Donald Trump may have benefited greatly from the nearly $1 billion in losses he declared in 1995, an irony that can't be lost on the hundreds of businesses whose unpaid bills tell the tale of Trump's failure, and for whom there was no benefit, only pain and misfortune.
With scant weeks remaining before Election Day, the bombshell NYT report that Donald Trump declared a $916 million loss in 1995 and may have paid no federal taxes in the ensuing years has rocked the political world. This is a story of ruined lives and wrecked companies left behind by Trump’s business failures.
We wanted to know more about the victims of his disastrous business and financial practices, people his own campaign manager once said had “suffered” at his hands.
Trump's current manager agrees that Trump built his wealth on the backs of poor and working people. She gets it. pic.twitter.com/lLYN0bUfPk
— Lovina Box (@lovinabox) August 19, 2016
Because Trump has refused to release his tax returns, we don’t know exactly how many years he has avoided paying taxes. We do know, however, that the failures that led to the massive 1995 write-off involved his three Atlantic City casinos, and that these failures also led Trump to stiff people like J. Michael Diehl, who was forced to take a $30,000 loss for pianos he sold to the Trump Taj Mahal in 1989. Diehl waited for months to be paid for his work, and the devastating 30% loss was the best the casino would offer him.
Then there is Paul Friel, who says his father’s cabinetmaking company was eventually put out of business after nearly 60 years thanks to Trump. The Edward J. Friel Company was contracted in the early 1980s to build cabinets for the slot machines at Trump Plaza, and they expected to receive a payment of $84,000 upon completion. But Trump bought out the contract from the general contractor and then refused to make the payment. Not only was Edward Friel unable to collect the money he was owed, he also found himself shut out of other Atlantic City projects, due, he believes, to Trump’s influence. Several years later, the company was forced to file for bankruptcy.
Another enormous loss was inflicted on the Jenkins family. Their company, Triad Building Specialties, installed toilet partitions at the Trump Taj Mahal, and wound up receiving only 30 cents on the dollar three years later following the Taj bankruptcy in 1991.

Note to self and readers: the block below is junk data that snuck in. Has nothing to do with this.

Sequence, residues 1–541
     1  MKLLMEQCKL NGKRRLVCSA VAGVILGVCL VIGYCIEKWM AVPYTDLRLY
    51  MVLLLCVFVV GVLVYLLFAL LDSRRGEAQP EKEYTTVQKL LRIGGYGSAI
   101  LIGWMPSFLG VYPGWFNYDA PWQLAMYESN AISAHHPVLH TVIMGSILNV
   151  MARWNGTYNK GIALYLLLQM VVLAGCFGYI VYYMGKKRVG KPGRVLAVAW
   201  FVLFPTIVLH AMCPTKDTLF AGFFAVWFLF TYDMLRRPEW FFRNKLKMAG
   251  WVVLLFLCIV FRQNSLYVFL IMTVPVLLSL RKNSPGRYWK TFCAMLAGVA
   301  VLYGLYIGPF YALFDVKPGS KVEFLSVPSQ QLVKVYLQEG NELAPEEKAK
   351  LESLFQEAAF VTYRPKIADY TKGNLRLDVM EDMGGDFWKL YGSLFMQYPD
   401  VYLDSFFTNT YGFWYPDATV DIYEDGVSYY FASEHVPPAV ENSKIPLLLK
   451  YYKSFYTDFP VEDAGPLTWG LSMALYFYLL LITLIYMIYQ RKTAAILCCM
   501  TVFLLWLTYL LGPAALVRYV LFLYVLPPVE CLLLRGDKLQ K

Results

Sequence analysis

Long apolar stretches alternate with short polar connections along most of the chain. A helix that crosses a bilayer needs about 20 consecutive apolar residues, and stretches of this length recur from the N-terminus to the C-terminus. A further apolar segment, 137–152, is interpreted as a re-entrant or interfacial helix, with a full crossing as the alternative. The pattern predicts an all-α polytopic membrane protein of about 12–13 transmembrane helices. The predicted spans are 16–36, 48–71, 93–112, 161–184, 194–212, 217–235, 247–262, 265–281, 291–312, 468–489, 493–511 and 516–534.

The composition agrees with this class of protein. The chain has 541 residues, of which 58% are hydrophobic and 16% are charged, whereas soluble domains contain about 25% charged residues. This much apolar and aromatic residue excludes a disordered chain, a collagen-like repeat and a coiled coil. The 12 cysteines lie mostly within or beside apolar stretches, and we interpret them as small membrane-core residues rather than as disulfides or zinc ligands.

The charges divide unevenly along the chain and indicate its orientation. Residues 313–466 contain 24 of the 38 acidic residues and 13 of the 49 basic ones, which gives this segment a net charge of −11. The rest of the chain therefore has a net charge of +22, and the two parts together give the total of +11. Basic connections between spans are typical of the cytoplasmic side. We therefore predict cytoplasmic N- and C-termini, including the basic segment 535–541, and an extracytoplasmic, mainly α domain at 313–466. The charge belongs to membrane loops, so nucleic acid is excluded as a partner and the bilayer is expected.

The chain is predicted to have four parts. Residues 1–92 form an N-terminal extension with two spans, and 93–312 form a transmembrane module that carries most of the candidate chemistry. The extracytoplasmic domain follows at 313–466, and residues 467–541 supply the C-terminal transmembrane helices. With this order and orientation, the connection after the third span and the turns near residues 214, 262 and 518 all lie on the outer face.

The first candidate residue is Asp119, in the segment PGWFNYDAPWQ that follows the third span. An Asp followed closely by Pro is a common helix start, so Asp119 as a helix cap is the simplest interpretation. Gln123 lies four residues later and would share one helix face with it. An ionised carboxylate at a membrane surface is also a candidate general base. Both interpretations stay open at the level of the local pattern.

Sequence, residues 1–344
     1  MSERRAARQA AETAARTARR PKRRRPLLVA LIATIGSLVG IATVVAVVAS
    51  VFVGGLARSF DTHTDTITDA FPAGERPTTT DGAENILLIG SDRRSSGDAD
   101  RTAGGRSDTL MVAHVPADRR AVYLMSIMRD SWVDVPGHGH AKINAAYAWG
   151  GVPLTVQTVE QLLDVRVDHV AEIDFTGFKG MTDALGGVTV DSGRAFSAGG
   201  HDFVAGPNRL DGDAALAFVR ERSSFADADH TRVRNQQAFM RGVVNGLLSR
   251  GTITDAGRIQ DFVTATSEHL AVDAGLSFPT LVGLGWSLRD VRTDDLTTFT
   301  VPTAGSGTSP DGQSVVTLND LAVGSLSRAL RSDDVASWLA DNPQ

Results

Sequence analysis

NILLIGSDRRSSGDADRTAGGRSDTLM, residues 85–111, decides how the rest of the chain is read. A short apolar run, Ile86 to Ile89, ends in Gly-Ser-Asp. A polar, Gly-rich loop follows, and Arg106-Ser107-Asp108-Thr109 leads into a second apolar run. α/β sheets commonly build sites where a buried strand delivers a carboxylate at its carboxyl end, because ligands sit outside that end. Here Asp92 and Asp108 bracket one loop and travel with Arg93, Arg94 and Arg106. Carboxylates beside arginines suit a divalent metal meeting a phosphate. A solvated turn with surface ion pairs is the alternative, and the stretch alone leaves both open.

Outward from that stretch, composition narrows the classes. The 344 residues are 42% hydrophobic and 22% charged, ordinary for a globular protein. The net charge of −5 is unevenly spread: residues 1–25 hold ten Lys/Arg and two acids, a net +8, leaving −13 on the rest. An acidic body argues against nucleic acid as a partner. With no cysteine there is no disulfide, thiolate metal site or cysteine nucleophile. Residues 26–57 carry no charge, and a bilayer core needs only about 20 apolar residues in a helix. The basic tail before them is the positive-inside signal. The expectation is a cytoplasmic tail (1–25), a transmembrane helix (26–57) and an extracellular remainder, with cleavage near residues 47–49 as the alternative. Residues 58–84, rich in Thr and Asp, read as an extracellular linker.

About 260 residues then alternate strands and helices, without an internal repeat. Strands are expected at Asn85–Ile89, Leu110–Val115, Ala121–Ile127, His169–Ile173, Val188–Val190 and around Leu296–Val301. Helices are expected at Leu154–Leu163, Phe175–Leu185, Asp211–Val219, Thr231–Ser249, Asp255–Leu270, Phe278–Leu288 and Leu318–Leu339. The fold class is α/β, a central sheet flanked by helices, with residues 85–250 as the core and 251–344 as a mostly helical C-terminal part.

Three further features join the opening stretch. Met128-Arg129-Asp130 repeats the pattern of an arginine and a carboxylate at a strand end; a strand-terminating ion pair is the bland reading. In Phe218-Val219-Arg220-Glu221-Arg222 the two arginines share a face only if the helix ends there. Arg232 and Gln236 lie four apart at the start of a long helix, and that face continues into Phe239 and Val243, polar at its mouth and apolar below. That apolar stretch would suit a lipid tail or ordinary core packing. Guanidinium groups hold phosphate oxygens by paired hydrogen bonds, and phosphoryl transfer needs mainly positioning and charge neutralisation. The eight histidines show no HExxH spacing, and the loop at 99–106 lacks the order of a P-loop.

These are just a few of the many people who have been stiffed by Trump in the past and the present, but their stories have been given new life by the Times report, and so cable news is beginning to put faces to some of the names in those accounts:
If these stories aren’t galling enough, there’s one more detail that the Times hints at, and which a release of Trump’s actual tax returns could confirm. While many of the contractors who worked on Trump’s casinos wound up having to settle for pennies on the dollar, if they survived at all, Trump’s sweet tax deal means that he probably didn’t even pay taxes on the money they had to write off to him (emphasis mine):
Reports by New Jersey’s casino regulators strongly suggested that Mr. Trump had claimed large net operating losses on his taxes in the early 1990s. Their reports, for example, revealed that Mr. Trump had carried forward net operating losses in both 1991 and 1993. What’s more, the reports said the losses he claimed were large enough to virtually cancel out any taxes he might owe on the millions of dollars of debt that was being forgiven by his creditors. (The I.R.S. considers forgiven debt to be taxable income.)
That means that the taxpayers, who presumably included folks like Diehl, the Jenkins family, and the Friels, ate the cost of what Trump should have paid on those forgiven debts as well as potentially 18 years worth of his income taxes.
Hillary Clinton has been making Trump’s atrocious business record a focus of her campaign for quite some time, but it looks like the stories of small businesses and hourly employees swindled by Trump are beginning to break through, just in time for the second presidential debate.
(Peter Daou and Alison R. Parker contributed to this article)